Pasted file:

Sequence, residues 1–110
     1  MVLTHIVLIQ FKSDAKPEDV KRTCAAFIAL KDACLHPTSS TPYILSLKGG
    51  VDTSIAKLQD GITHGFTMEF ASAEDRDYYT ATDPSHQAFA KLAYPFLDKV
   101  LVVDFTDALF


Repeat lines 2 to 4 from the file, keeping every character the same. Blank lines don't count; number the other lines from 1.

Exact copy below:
     1  MVLTHIVLIQ FKSDAKPEDV KRTCAAFIAL KDACLHPTSS TPYILSLKGG
    51  VDTSIAKLQD GITHGFTMEF ASAEDRDYYT ATDPSHQAFA KLAYPFLDKV
   101  LVVDFTDALF